It's hard to remember when the stakes have been so high.
School boards across the northern Fox Valley this year are grappling with teachers contracts, yet the money isn't there to support the kind of upward mobility to which suburban educators have become accustomed. Is the answer to elect seasoned school board members who've been through this before, or would taxpayers be better served by challengers with fresh perspectives?
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The Kane County Forest Preserve District has bought up thousands of acres over the years to ensure the county doesn't become too congested and that there will always be a bit of nature nearby. It's asking for $30 million to buy more -- at a price per acre we likely won't see as low again. Will voters be willing to cough up a little more green to keep Kane County green?
And with virtually no mayors up for election this spring, all eyes are on whether three-term Elgin Mayor Ed Schock can deflect a rare but real challenge this year from Councilman Dave Kaptain.
What follows is a look at some of the hottest races in the valley.
Polls open at 6 a.m. Tuesday. Be there.
With rare exception, northern Fox Valley voters will have plenty of choices when shopping for school board members who are responsible for spending roughly two-thirds of their property tax bill.
In Elgin Area School District U-46, which serves 41,000 students, six people are running for four seats. Two veteran board members decided against running, leaving only two incumbents in the race. The only question is how many newcomers will be elected. Facing those newbies will be the daunting task of navigating six labor contracts later this year, all at a time when the district is facing a $40 million operating deficit.
In Carpentersville-based Community Unit District 300, which just voted to lay off 363 teachers at the end of the year (it likely will rehire back at least half by the start of the next school year) four incumbents are competing with two challengers.
Whoever wins on Tuesday will have their hands full. The district just started negotiating a new contract with the teachers union a week ago.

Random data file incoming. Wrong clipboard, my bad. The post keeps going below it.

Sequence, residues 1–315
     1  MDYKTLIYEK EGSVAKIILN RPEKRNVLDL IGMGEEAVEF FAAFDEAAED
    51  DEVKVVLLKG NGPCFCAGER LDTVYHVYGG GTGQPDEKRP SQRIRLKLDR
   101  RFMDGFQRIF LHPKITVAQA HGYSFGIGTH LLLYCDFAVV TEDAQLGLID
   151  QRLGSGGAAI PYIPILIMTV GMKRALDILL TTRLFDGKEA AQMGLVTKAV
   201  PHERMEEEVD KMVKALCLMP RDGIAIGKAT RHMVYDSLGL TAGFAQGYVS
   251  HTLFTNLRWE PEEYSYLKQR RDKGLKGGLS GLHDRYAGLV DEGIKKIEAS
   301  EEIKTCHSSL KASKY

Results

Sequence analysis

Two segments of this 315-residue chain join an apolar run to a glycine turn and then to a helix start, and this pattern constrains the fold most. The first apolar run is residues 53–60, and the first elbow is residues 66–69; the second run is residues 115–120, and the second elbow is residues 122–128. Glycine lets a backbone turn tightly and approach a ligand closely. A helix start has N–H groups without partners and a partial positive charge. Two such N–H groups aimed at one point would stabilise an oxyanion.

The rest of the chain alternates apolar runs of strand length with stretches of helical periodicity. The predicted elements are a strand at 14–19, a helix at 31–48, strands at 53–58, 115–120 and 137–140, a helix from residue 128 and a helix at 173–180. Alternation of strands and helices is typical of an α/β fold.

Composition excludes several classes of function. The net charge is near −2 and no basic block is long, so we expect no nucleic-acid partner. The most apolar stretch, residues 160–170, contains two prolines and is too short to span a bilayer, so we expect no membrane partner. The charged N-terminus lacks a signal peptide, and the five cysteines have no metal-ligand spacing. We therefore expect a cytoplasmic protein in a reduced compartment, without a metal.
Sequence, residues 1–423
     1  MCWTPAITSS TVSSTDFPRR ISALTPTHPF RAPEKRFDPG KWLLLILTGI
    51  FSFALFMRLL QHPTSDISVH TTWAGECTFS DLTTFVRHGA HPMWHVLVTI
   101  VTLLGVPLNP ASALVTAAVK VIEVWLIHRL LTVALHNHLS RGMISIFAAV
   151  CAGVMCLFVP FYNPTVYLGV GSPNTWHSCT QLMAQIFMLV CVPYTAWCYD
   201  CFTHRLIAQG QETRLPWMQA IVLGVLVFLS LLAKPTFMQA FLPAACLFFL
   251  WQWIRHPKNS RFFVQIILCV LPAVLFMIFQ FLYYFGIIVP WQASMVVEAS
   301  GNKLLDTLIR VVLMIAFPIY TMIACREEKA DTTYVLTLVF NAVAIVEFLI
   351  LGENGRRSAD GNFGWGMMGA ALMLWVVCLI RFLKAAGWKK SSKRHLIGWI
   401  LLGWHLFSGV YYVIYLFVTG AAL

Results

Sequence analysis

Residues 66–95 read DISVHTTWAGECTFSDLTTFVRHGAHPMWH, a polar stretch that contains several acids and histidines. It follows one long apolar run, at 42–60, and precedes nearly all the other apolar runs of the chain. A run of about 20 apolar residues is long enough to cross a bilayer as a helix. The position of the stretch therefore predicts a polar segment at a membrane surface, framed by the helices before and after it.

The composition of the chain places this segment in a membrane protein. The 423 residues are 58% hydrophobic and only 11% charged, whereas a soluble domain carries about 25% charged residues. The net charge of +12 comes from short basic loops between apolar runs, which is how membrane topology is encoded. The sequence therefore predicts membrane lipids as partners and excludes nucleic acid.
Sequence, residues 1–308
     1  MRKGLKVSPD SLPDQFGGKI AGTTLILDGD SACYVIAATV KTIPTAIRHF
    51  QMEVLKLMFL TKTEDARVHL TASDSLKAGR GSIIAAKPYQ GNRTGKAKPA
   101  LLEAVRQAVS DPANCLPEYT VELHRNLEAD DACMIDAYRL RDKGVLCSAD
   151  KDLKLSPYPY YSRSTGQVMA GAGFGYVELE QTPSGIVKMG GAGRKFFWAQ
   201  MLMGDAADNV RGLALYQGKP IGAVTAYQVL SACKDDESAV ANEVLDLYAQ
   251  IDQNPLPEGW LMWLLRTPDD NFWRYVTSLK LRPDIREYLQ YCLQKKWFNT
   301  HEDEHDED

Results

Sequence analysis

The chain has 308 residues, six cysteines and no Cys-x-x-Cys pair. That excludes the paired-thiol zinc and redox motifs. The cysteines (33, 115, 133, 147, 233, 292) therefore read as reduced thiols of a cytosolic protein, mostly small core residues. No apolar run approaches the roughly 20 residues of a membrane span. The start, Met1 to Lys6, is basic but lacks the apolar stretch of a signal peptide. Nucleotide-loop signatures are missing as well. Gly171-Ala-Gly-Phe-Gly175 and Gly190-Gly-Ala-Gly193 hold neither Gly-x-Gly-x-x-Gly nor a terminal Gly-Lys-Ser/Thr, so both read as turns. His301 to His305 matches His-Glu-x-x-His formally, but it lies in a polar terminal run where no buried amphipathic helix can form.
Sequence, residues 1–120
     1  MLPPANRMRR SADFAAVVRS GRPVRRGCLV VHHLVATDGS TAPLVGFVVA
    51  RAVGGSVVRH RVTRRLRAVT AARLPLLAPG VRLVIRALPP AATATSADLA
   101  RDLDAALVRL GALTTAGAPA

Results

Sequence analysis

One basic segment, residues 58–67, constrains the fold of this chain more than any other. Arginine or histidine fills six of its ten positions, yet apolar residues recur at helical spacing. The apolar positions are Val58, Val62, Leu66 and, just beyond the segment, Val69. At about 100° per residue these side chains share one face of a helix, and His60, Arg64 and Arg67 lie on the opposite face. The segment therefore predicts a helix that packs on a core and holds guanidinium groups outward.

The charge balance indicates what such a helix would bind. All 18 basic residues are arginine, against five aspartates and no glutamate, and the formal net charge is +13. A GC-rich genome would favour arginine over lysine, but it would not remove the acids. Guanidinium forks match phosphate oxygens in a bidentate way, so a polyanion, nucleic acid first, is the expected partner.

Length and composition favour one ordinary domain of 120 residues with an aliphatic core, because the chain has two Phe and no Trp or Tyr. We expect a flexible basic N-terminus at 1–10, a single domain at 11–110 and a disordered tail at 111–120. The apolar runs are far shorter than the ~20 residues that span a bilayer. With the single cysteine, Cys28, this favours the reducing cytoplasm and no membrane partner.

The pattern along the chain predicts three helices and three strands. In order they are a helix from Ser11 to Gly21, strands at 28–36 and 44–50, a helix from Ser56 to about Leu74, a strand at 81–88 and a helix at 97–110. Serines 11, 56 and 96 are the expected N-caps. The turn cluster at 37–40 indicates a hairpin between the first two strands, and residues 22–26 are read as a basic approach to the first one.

Elgin Community College already is under the threat of a teacher strike. Five candidates are vying for three seats on the board, and at least one of those elected will be a newcomer.
In Cary Elementary District 26, which might have fallen under state control by now if not for the passage of a tax increase in November, candidates are figuring out how to continue to improve the district's financial standing. Among the issues: teacher pay and whether to close yet another school. Three incumbents and one challenger are running for three, 4-year terms, while one person is running unopposed for a 2-year term.
Burlington-based Community Unit District 301 candidates have weighed in on the issue of creating grade-level centers in the district to save money. Two incumbents and five challengers are battling for three seats.
It's no wonder the Elgin City Council always attracts a crowd at election time. It's the biggest city in these parts and there is always something to argue about. This spring, there are 10 candidates for three seats, and at least one of the eight challengers will get a chair at the dais. Among the field are a scientist, a limo driver, a couple lawyers, a furniture salesman -- a true cross section of Elgin.
You might think an insurrection is afoot in Huntley, where there are as many challengers as incumbents vying for three seats. But there is little argument over whether the village is headed down the right path.
In always contentious East Dundee, there are three incumbents and three challengers. The predominant issues there are finances and business attraction and retention.
In Cary, there are nine candidates for five seats -- and the gulf between the four incumbents and five challengers couldn't be deeper on issues of the level of openness on the village board and its flexibility with the business community.
Many other suburbs in the valley have contested races, although they are much less volcanic.
As well, park and library elections are generally a lot sleepier. As are fire district races. But there are two anomalies here.
Elgin's Gail Borden Library board race has nine candidates. Were it not for the friction over a board member who is not even up for election, there would not be as broad a field. But three candidates are running largely in support of that seated board member, who has been denied access to the library for three straight years because of "abusive" dealings with the library staff.
Perhaps the most unusual race is for the two seats on the Huntley Fire Protection District board. There are seven candidates. And none of them, it seems, is upset with the way things are going. Three challengers are veterans of the fire service, which could help to explain things.
• For a compilation of candidate profiles and questionnaires and issue stories, go to dailyherald.com/news/politics/election. You'll also find a recap of the Daily Herald's editorial board endorsements online and on Tuesday's editorial page.